Several student organizations concerned with the existence of racial stereotypes in today’s popular culture met yesterday to address the negative connotations associated with Middle Eastern society.

The event, entitled “I Don’t Trust Him… He’s an Arab,” focused on the false representations of Arabs in America and questioned why Muslims are often equated with terrorism. Approximately 75 people attended the discussion.

According to Chris Martin, president of the Black Pioneer Renaissance Organization, when the mistaken notion that President-elect Barack Obama was either Arabic or Muslim gathered attention around the nation, the BPRO realized public knowledge about the Middle East was limited. Martin said this misconception during the presidential election was the reason he conceived the idea to host last night’s event.

James Brandon, a first-year student, spoke during the event and said that ideas about Muslim people are commonly misconstrued today. Nearly every ethnic group has terrorist factions among them, Brandon said, and the fact that Muslim extremists have been prominent as of late does not mean that all Muslims are terrorists.

“[People tend] to pick on an ethnic group and say they are all terrorists,” Brandon said. “All ethnic groups have people that do things that are terrible, and that’s not discussed in society. … Nobody talks about Columbine, but those kids weren’t Muslims and that could be called terrorism, too.”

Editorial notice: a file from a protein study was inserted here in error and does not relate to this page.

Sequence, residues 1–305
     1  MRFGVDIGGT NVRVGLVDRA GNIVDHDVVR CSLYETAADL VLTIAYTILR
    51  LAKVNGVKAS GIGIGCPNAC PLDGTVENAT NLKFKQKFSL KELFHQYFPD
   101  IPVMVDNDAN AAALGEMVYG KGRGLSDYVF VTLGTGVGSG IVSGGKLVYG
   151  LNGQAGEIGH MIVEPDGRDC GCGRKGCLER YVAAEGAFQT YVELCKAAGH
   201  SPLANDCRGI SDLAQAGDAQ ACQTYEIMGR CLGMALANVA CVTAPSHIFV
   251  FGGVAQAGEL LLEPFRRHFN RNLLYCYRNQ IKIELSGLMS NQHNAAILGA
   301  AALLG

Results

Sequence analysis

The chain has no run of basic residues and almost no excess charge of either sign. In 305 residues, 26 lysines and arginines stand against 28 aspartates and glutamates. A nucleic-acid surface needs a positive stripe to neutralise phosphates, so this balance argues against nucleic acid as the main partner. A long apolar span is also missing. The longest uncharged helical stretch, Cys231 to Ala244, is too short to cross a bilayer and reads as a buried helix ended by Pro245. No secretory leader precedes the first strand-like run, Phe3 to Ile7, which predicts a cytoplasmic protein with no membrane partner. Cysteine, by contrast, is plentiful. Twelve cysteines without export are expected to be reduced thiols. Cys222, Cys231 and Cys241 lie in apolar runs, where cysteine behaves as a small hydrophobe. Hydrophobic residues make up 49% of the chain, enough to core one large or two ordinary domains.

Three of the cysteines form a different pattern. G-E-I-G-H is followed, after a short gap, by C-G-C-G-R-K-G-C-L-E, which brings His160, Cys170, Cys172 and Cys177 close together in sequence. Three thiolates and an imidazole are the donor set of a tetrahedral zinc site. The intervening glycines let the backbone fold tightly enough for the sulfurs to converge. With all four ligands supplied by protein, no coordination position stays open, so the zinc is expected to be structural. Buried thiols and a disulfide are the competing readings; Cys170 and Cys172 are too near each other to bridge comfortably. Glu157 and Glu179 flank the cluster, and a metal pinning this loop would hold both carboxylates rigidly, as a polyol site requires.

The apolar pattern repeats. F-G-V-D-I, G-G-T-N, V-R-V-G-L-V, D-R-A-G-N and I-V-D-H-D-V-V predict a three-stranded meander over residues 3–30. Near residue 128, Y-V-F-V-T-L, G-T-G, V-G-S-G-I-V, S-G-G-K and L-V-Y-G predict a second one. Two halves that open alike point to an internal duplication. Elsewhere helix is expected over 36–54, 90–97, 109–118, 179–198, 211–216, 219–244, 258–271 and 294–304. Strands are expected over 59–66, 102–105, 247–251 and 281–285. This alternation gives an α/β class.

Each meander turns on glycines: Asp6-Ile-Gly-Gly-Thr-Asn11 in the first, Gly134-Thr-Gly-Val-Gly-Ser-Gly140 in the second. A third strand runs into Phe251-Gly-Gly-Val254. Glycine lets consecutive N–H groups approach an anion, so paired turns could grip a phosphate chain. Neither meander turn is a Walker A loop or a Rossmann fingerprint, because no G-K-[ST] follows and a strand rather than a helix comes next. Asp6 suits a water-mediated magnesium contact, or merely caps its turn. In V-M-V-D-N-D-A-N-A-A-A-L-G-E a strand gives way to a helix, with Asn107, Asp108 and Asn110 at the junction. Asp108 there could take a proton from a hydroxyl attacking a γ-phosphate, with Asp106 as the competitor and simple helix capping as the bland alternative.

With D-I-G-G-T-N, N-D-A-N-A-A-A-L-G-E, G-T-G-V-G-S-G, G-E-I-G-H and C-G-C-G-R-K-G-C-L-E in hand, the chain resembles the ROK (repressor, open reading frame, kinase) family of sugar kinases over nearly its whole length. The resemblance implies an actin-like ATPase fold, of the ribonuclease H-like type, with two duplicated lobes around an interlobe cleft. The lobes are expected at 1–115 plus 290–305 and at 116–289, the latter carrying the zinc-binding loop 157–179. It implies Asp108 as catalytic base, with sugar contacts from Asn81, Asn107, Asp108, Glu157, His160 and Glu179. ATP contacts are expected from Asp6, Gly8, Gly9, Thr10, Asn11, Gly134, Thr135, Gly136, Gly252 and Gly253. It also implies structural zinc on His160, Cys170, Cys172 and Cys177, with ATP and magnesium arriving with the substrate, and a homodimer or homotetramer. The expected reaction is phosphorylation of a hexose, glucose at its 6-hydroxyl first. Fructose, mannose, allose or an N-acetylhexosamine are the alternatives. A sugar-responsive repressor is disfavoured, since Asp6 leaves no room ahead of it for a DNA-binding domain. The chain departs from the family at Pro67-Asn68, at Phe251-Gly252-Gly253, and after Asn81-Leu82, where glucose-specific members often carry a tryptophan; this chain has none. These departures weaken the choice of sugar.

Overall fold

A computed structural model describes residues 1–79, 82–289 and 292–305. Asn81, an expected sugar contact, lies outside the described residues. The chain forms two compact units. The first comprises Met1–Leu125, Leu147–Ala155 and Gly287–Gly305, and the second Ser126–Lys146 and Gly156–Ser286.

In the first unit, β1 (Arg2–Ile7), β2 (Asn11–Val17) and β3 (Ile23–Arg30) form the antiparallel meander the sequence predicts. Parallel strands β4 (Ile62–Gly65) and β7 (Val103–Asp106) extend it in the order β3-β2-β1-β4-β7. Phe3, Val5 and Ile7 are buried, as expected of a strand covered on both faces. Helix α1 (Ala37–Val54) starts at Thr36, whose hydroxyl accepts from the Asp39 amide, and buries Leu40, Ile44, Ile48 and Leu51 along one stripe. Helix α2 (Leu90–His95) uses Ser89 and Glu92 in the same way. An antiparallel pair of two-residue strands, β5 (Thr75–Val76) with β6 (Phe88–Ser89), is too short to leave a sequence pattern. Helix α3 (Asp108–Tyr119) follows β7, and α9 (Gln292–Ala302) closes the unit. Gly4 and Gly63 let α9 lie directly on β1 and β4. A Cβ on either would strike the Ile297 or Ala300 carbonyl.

One speaker, Eddie Saade – a former graduate student in global studies – said the media can inadvertently create a false stereotype that is difficult to reverse or correct in mainstream society.

“How many of you have seen Disney’s film ‘Aladdin’?” asked Saade. After nearly every hand in the audience was raised in response, he continued, “Many of the attacks immediately following 9/11 were directed at Sikhs as opposed to Muslims, in part due to misrepresentations of Arabs such as those depicted in ‘Aladdin.'”

James Altman, a first-year global studies major, spoke about how inaccurate stereotypes can be. Altman said that many people mistakenly assume that all Arab people follow Islam.

“If you look at the percentage of Muslims that are Arab, they are only a minority worldwide,” Altman said. “Indonesia is the country with the highest Muslim population.”

Nabil Alshurufa, who also attended the meeting, criticized the lack of education regarding the Arab people as a whole.

“A lot of it comes from fear and a lack of education,” Alshurafa said. “We talk about Arabs and Muslims, but we don’t realize that there are a lot of Arabs that aren’t Muslim, but a great deal of Christian Arabs, as well as Jewish Arabs. … And in Lebanon, there is a kind of religious melting pot.”

Members of the Lebanese Club, the Muslim Student Association and the [A.S.] Student Commission on Racial Equality, were also present to contribute to the discussion last night with the BPRO.